AFL Shines Spotlight on Local Women in Coaching – Emma Zielke

The AFL has launched the third annual ‘Women’s Coaching Month’, supported by BHP, to take place throughout July.
Women’s Coaching Month presents an opportunity to celebrate the contribution of current women and girls in coaching roles across the country and promote the pathway programs and initiatives to get more women coaching from grassroots through to the elite level.
The surge in popularity in women and girls football since the inception of the AFLW competition in 2017 has seen numbers of women coaching rise sharply too. In 2023 there are more than 2,000 women and girls registered as community football coaches nationally.
There is strong representation across state league and talent pathway programs, with a highlight being the rise in women coaches in the Coates Talent League, up from zero in 2022 to nine this year across the boys and girls programs. Even with this growth, recruiting more women into coaching roles at all levels is a priority for the game.

Brisbane Lions Academy Head Coach of Female Programs and Assistant Coach of the 2023 Queensland Under 18 Girls Emma Zielke, said her passion for the game was so strong that after retiring from professional football she had to stay involved as a coach in the game.

Emma, originally from Bundaberg, is a pioneer of women’s football, as she was named the Brisbane Lions Captain in the inaugural year of the AFLW competition in 2017. Four years later, in 2021, she retired as a Premiership Captain when the Lions defeated Adelaide Crows at Adelaide Oval to win their maiden premiership.

Her career in the Queensland league is just as illustrious. She won four senior women’s premierships playing for Coorparoo in 2013,2014,2015 and 2019. In 2021 her name was etched into AFL Queensland history, with the naming of the QAFLW Best and Fairest Award as the Emma Zielke Medal in her honour.

Emma began her coaching journey at Coorparoo as the Under 15 Youth Girls coach in 2013 and was an assistant for the Queensland Under 18 Girls in 2014 and 2015. It was not until she retired in 2021 when she could pursue this career full time.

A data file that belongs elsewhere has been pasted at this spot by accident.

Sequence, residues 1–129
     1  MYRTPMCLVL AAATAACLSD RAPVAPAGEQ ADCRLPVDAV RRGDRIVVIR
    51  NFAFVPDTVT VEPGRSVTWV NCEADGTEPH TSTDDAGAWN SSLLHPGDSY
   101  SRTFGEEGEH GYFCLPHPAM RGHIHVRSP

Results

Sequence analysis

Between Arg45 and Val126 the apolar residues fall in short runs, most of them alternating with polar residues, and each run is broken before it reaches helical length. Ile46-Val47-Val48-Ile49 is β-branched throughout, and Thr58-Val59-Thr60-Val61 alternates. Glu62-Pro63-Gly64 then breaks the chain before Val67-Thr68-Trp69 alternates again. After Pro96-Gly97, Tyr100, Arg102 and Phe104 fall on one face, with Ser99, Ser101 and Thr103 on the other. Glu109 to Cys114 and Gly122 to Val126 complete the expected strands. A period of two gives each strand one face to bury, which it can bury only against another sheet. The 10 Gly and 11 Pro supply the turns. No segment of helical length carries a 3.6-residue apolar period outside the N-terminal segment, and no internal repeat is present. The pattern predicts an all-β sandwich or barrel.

“I am really passionate about coaching because it helps me give back to the game that has given me so much,” she said.

“It has helped me become the person I am today and I want to be able to share my knowledge of the game and help other players become the best footballers and the best people they can be.”

Emma believes with so many female fans of the game, it is important to see women in coaching roles at clubs.

“I think it’s important to have women coaching, it is the old saying, you cannot be what you cannot see,” she said.

“It’s important to have women coaching in both male and female environments to show that anything is possible.

“I would encourage all women who love the game as much as I do to show up at your local club to help out. I can guarantee you will quickly find out why it’s the best game in the world.”

The BHP and AFL partnership focuses on developing girls and women who want to play, coach, umpire and administer our game, and encourages men and the broader community to be advocates and allies in this space. The partnership is a holistic one that focuses on promoting leadership, inclusion, equality and wellbeing, recognising that progression for women is what’s best for the community.
BHP has strong ties to coaching through the BHP Women’s Coaching Academy, which has seen 28 coaches graduate since 2018 and a further eight are currently involved as part of the 2023 program. BHP is also the proud presenting partner of the National She Can Coach program alongside the Women’s Coaching Month campaign.

AFL General Manager Women’s Football, Nicole Livingstone, said that growing and supporting women in coaching is an imperative to ensure the future success of women and girls football.
“We have seen significant momentum generated in the women and girls coaching space in recent years with numbers growing and greater emphasis placed on attraction and retention, not just for women coaching women and girls but women coaching men and boys as well.
“There is a lot of work to be done to continue to build women and girls coaching in Australian football but the significant progress made and sharp focus we have in this space has given us a really strong foundation.
“The support provided by BHP has been instrumental in developing programs designed to support women and girls in coaching and we are seeing the benefits of the programs, including the BHP Women’s Coaching Academy, Women’s Coach Acceleration Program and National She Can Coach program.
“I look forward to seeing the women who are involved in coaching at all levels of the game share the spotlight over the course of July as we tell great stories of those who make such an important contribution through coaching, grow awareness of programs and hope to attract more women to coaching.”
Nominate a coach for the 2023 BHP Community Coach of the Year
The BHP Community Coach of the Year Award recognises the outstanding performance and contribution community coaches make to progressing women’s football and shaping their local community. Nominate here.

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